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"Raising the Sails: The Monkey See, Monkey Do Principle"

Is it just me, or does everyone seem to have a shorter fuse this week? 

There was an initial surge of energy and adrenaline fuelled us into action, as we were thrust into the recent, uncharted waters of the COVID-19 situation. We quickly reacted to the immediate needs at work and at home. Next, we were busy managing the daily challenges that seemed to come at us, in quick succession. 

Now that we have all been at this for a few weeks, we no longer have that adrenaline to fuel us. We’re all growing a little (or a lot) weary of our co-working household, and it can be a challenge to keep the team engaged and motivated.  

To make things more interesting, we have a real need to control our day-to-day reality, as so much of that control has recently been taken from us. Suddenly, there is resistance to new ideas and people are as possessive of their resources at work as they were about toilet paper last week!

And by the way, now is probably a good time to admit that those tasks at home, you know the ones we said that we would get to, if only we had more time at home? Well, it’s obvious that we just didn’t want to do those things! 

In a recent discussion on this topic, my teenaged co-worker, Katherine shared that everybody loves to sail on an ideal summer day. When she teaches sailing to children, there are plenty of days when the conditions are sub-optimal. High winds, rain and cold are just a few. On those days, she knows that when she greets her students, she needs to exude exponentially greater enthusiasm and a positive mindset. She calls it the, “monkey see, monkey do” principle. 

Whether at home or at work, leaders need to recognize when the team is struggling and respond by raising the energy level within ourselves. This is a tough ask, especially when we may not feel it. One thing is clear, others will mirror our energy level and approach. So this means if we start the conference call with an enthusiastic and high energy approach, we will get more of that in response.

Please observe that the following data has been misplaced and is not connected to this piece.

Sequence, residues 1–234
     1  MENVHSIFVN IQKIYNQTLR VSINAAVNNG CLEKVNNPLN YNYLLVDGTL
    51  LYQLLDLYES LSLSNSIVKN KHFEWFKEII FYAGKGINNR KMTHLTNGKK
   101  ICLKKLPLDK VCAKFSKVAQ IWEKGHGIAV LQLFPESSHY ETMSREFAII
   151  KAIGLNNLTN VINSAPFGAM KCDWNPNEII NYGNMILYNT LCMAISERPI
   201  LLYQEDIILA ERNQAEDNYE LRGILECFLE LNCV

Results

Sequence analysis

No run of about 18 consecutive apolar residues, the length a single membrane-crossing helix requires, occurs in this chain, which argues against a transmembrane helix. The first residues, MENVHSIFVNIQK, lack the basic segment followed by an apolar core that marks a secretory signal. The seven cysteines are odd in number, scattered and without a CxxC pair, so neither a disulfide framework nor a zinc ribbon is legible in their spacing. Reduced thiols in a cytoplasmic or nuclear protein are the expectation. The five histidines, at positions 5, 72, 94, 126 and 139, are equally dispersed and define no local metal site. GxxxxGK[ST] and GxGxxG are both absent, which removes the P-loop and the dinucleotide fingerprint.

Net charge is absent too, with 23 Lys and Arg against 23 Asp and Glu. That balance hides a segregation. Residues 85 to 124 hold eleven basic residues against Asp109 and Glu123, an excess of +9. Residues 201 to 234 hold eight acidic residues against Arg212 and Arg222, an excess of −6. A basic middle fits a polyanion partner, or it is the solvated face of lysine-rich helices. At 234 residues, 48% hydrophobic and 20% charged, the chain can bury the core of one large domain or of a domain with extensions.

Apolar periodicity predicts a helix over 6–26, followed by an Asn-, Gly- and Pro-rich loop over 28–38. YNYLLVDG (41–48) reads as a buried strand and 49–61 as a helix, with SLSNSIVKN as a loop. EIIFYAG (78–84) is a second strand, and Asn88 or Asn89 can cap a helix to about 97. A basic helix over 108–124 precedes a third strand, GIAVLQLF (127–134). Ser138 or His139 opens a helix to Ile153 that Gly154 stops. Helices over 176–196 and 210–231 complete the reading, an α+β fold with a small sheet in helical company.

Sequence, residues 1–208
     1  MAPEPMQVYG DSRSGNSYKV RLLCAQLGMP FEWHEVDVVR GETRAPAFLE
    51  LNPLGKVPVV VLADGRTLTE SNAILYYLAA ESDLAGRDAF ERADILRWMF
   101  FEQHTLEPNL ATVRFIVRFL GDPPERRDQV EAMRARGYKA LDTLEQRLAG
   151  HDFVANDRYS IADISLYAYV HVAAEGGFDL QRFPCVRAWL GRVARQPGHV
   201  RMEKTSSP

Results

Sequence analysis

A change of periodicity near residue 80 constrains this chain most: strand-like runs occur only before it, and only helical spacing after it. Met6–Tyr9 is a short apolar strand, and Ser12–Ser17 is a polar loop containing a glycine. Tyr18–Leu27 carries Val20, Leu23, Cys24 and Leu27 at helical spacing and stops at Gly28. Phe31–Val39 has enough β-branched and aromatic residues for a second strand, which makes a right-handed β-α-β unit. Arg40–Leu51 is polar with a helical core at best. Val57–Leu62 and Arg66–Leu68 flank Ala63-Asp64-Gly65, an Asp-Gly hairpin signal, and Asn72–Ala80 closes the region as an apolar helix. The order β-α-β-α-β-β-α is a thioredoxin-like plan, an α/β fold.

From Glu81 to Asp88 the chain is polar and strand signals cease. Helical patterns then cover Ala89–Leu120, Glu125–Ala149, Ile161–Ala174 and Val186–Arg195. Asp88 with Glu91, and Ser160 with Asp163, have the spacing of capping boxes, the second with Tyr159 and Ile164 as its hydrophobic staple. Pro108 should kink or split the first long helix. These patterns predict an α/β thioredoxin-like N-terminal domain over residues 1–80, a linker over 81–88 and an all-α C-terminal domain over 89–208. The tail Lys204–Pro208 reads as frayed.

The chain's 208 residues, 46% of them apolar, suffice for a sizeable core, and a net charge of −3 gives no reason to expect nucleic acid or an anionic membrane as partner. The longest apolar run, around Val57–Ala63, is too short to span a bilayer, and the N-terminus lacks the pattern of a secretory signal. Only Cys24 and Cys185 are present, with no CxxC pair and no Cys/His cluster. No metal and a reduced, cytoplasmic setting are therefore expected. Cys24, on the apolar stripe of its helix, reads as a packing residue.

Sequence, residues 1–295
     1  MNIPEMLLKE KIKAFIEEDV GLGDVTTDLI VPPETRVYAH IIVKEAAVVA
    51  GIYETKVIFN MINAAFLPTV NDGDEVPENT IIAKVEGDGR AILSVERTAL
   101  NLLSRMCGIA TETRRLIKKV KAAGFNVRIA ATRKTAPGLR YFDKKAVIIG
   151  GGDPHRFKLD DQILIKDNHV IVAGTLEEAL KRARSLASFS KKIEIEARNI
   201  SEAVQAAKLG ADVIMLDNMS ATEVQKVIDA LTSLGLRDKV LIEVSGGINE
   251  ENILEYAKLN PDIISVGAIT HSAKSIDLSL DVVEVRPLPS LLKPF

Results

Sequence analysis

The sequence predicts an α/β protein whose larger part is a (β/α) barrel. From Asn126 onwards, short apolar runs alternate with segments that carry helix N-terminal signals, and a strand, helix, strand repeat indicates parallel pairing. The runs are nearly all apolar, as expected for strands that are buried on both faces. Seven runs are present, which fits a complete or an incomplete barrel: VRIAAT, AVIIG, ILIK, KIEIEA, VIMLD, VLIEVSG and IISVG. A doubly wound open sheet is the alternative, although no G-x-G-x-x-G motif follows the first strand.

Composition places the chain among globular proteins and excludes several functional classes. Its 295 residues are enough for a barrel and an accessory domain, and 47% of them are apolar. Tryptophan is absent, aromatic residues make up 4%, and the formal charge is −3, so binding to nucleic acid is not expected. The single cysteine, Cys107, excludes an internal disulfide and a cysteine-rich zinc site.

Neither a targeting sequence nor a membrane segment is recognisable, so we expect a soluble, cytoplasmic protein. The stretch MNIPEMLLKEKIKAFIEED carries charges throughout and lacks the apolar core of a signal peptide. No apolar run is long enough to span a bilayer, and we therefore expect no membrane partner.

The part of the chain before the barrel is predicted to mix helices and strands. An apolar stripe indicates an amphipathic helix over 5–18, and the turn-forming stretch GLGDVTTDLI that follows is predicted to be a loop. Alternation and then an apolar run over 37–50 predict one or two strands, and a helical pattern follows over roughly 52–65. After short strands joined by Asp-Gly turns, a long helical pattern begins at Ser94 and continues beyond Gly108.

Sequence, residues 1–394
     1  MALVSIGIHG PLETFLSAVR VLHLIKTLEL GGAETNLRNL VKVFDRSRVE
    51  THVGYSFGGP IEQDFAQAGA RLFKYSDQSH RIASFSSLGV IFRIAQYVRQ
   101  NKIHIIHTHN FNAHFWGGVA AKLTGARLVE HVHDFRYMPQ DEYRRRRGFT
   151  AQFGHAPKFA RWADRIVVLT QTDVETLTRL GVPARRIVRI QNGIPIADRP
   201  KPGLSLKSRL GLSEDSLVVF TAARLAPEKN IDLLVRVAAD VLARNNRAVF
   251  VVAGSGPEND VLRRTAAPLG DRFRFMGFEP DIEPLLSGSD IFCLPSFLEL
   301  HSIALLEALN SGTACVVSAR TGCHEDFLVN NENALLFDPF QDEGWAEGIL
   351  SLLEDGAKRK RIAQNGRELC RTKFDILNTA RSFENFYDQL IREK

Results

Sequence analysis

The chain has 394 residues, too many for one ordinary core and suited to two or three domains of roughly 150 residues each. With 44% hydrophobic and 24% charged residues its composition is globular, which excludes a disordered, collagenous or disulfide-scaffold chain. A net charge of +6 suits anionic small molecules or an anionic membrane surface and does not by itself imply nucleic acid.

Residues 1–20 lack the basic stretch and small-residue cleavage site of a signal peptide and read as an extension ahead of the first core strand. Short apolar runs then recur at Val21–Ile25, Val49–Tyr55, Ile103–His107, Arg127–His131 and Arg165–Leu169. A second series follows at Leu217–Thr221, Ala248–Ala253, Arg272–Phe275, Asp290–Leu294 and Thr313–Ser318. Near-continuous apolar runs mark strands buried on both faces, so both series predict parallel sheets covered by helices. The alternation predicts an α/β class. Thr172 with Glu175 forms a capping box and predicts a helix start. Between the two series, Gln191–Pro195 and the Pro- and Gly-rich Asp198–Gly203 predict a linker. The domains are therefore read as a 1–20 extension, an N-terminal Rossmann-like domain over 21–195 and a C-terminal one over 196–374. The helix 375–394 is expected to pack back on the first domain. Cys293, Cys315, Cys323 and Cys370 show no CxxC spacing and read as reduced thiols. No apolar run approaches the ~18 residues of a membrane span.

Setting the tone is critical. Now more than ever, our teams need us to set the pace. We can do this by focusing on the next waypoint or milestone. 

Milestones are going to look different at each level of the organization, but the same principle applies. Front line managers can set the pace for the team by looking at their operational metrics and establishing new, daily and weekly goals. 

We also have to be mindful of the next potential pitfall, which is the need for good news and the wish for all of this to be over. The “normal” of the future will never be the normal of the past. After struggling with a corporate dress code for years, I don’t know if we will ever manage to convince people to put proper pants on again!

No matter how we may wish for everything to be as it was, we must focus on forward momentum. There may be a few more shifts in the winds, choppy waters and rainy days ahead. So until then, raise those sails and head to your next waypoint. The energy level and productivity will follow. 

Wishing you well,



Jennifer J. Toal